178. Test drive a car
    179. Do a random act of kindness
    180. Mend clothes that are torn or have missing buttons
    181. Plant an herb garden
    182. Plant a tree
    183. Do laundry
    184. Try aromatherapy
    185. Clap along to an upbeat song
    186. Listen to an audiobook
    187. Play with your kids (or visit friends or family with kids)
    188. Play chess
    189. Shop for shoes or accessories online
    190. Practice photography
    191. Get rid of unneeded files on your computer, cloud, etc.
    192. Start your own business
    193. Do some origami
    194. Make paper airplanes and fly them
    195. Make goo
    196. Clean your computer screen and keyboard
    197. Iron
    198. Pluck your eyebrows
    199. Exfoliate
    200. Massage your face, shoulders or feet
    201. Make someone a gift (lots of fun easy ideas online)

OK, so there’s a bonus one. I’ll keep adding to this as I get more ideas!

Are there any activities or grounding techniques you’ve found helpful? Please share – you could really help someone else.

And don’t forget to pin this post for later!

Filed Under: Blog, Healthy Eating, Nutrition News, Weight Loss

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Feeling Bored? Here Are 10 Things to Do Instead of Eat

Blog Home   /   Nutrition and Diet

Here’s what to do when you’re bored that’s not eating.

by Allie Blackham

Snacking mindlessly is a habit that many people have, and it can contribute to many physical and mental health struggles. Eating to combat boredom can cause you to overeat and feel bloated, increase your weight gain, and even cause your self-esteem to drop.

Why you may be eating when you’re bored

According to a study published by the National Library of Medicine, the drive behind boredom eating can be twofold:

  • Eating can provide a positive reward or reinforcement that results in a spike in dopamine levels. When you’re bored, your dopamine levels drop, and a way to increase these levels is to eat.
  • Munching on a snack can take the mind off the boredom or the negative feelings being experienced because you’re keeping busy with a task—even though it’s not a healthy one.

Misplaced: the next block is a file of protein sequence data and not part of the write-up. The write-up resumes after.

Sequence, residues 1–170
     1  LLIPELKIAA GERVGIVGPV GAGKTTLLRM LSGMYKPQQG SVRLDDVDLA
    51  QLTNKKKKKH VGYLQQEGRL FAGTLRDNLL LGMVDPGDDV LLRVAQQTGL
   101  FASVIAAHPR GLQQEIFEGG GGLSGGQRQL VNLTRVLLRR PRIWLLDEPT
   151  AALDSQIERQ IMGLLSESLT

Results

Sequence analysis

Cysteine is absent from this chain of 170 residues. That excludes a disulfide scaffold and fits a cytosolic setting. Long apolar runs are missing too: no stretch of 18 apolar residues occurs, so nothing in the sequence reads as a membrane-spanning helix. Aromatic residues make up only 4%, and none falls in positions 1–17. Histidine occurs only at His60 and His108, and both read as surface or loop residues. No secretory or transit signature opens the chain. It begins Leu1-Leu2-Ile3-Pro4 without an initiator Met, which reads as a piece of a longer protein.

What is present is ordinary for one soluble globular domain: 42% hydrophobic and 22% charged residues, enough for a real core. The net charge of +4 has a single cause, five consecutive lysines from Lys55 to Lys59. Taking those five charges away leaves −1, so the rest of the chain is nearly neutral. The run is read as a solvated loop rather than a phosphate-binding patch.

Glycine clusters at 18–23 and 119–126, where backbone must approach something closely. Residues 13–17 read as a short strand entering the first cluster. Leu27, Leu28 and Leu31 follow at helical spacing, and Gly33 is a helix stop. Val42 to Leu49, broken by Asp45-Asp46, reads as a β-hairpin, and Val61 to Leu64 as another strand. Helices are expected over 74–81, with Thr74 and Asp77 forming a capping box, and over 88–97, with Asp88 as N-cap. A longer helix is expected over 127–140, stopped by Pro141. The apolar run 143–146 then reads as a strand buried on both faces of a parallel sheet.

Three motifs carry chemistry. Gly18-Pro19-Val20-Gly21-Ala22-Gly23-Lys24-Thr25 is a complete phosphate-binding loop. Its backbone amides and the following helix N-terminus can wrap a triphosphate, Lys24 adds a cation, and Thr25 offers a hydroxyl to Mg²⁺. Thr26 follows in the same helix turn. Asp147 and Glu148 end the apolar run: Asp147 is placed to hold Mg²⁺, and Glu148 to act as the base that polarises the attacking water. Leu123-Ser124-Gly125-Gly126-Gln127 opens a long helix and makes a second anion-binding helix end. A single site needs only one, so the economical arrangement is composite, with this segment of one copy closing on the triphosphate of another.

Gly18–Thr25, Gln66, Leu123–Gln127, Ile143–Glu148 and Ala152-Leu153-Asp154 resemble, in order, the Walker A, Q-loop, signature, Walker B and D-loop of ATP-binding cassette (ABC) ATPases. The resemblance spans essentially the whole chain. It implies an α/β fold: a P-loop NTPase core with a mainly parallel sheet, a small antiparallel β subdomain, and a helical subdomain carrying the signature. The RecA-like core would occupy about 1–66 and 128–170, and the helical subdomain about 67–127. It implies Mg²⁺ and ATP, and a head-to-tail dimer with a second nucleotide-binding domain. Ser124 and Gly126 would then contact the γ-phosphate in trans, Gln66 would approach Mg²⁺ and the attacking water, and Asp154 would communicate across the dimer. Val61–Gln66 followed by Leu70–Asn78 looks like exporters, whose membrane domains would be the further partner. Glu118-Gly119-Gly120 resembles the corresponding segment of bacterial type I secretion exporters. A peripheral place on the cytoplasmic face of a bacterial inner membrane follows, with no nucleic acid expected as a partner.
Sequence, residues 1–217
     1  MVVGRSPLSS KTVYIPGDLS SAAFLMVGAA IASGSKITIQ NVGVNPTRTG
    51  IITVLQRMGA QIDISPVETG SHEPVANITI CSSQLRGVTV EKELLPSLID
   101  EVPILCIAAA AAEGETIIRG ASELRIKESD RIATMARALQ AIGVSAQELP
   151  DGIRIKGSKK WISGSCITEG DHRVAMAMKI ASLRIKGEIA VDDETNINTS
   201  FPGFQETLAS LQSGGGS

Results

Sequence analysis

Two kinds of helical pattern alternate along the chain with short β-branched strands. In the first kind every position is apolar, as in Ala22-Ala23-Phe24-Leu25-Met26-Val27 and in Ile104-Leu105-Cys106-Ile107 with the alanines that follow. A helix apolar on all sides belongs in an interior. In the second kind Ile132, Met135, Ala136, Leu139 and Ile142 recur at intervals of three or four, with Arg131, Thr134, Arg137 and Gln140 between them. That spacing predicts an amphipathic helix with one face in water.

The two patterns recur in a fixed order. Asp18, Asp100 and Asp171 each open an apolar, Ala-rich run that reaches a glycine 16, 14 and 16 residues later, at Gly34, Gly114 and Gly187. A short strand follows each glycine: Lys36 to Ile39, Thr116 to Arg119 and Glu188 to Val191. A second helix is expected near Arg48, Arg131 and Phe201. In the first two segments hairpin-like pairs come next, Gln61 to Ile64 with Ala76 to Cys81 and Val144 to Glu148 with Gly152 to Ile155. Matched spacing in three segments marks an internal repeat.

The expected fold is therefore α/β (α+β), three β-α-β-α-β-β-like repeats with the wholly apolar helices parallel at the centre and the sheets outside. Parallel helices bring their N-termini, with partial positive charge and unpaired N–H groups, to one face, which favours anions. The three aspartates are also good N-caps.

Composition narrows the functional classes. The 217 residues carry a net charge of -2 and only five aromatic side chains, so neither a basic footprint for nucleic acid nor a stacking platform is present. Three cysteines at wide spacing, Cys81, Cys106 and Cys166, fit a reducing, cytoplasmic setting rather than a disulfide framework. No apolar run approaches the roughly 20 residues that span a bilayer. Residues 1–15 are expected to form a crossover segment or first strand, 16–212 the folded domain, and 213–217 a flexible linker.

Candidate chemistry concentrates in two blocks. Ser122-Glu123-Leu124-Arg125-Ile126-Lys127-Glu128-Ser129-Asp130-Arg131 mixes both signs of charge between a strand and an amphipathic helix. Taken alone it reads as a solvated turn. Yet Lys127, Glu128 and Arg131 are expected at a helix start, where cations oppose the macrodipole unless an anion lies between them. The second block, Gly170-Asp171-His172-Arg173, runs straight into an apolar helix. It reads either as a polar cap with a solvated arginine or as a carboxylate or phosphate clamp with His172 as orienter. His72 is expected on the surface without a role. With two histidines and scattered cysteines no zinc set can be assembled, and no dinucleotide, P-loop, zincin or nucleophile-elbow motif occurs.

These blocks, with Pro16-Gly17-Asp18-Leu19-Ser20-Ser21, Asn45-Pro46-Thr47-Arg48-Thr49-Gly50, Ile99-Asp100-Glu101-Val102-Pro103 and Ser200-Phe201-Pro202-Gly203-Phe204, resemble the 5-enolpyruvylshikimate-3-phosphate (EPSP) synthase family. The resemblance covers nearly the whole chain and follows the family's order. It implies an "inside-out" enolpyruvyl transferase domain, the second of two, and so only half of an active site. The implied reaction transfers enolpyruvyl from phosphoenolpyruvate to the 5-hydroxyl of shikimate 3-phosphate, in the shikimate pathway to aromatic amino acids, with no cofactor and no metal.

Related: Here's How to Create a Healthy Diet

Why it’s important to stop

Eating when you’re bored can quickly become an unhealthy habit that can impact your overall health. One of the most common outcomes is obesity, which is a rapidly growing problem.

In the United States, 36. 5% of adults are obese and other nearly 33% of adults are overweight. Obesity and excess weight can cause joint and mobility problems, cardiovascular disease, diabetes, and other health concerns.

Additionally, if you’re eating when you’re bored, there’s a high chance you aren’t in tune with your body’s hunger cues. In fact, you may not even be hungry.

Understanding when you’re hungry is the first step in combatting boredom eating. There are several signs to keep a lookout for to learn whether you are actually hungry:

  • You’ll get hungrier as time goes on. Hunger gradually builds over time and isn’t as quickly remedied.
  • Your stomach will growl as your body is signaling that you’re hungry.
  • Your feeling of hunger won’t pass. For example, drinking a glass of water won’t satisfy your craving for food.

Related: Clever Ways to Trick Your Body into Feeling Full

How to stop eating when bored

After identifying that you’re not truly hungry and just need something to do, you can try one of these ten ideas to hopefully fight the urge to eat:

  1. Practice mindful eating: Focus on the food you’re eating and really enjoy it by slowing down and eating more mindfully.